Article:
According to USDA data, about forty-seven million people in the United States receive food stamps. The Federal Food Stamp Program, or the Supplemental Nutrition Assistance Program/SNAP–has helped low income people and families to buy healthy food for more than forty years. SNAP food stamps help people with limited financial resources to stay healthy.
Low income or part-time workers, elderly or disabled people without financial resources, homeless individuals and families, welfare recipients or those who receive Temporary Assistance for Needy Families (TANF) may be eligible for food stamps. The SNAP Eligibility Pre-Screening Tool makes it easy to for an applicant to determine if he or she is eligible to receive food stamp benefits. Most households who received food stamps last year had at least one child or a disabled or elderly family member. The average monthly food stamp benefit last year declined to $256 from $274 the prior year.
How to Apply for SNAP Food Stamps
SNAP is a program of the U.S. government but it is administered by local or state agencies. Applicants can apply for SNAP food stamps at the local Social Security office, a SNAP office, or online. A disabled person or anyone who cannot apply in person may send an authorized representative to apply for assistance on his or her behalf.
Employed people should bring the four most recent paycheck stubs or a letter from their employer which states the past month’s net wages. Unemployed people must prove that they are not working. If an individual or household member is receiving unemployment benefits, he or she must bring unemployment claim records to the SNAP food stamps interview. If the applicant cannot appoint a representative because of infirmity or advanced age, program administrators may waive the in-person interview. In that case, the local office will arrange a phone interview or home visit instead.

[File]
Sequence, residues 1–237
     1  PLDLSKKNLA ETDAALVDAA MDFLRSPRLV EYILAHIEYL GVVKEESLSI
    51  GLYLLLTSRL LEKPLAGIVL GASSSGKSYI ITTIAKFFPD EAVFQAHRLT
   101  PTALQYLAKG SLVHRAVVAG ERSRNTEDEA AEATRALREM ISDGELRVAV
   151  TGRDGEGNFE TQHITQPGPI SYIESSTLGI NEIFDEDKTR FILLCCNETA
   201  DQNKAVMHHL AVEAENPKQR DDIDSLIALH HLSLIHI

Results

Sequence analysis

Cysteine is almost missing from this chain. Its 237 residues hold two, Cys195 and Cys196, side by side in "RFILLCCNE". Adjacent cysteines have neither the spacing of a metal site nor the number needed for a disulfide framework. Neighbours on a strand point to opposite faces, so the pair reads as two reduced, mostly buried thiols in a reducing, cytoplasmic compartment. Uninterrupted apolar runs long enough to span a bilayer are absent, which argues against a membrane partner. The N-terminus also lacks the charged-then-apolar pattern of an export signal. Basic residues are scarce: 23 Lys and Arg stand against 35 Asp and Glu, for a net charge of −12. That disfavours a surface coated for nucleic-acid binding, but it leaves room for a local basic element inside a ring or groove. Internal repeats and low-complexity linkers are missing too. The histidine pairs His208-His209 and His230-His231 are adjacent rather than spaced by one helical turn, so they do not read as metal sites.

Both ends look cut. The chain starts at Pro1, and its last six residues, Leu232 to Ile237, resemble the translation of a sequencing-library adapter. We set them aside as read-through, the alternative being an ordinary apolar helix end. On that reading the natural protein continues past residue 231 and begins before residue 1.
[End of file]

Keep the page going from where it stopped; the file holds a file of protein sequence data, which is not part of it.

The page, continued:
People who receive food stamps have little cash on hand. They have few bank accounts or saleable belongings, such as vehicles. Some financial resources, such as a home or Supplemental Security Income (SSI), may not disqualify the needy individual or family from receiving food stamps.
Applicants should bring bank account information to the SNAP food stamps appointment, including savings, checking, financial securities, annuities, and credit union accounts. Financial information about each member of the household is required. Each household member must also provide his or her social security number.
Families and individuals applying for SNAP food stamps should provide a copy of last year’s federal and state income tax returns. College students should submit a budget statement as proof of education costs, including any earnings, tuition, scholarships, loans or other contributions.
SNAP Food Stamps EBT Card
Today’s applicants may ask why the SNAP program is referred to as “food stamps.” The electronic benefit transfer (EBT) card allows the SNAP recipient to receive and use food benefits as he or she uses a debit or credit card to pay for food at the grocery store. There is no exchange or paper stamps or coupons.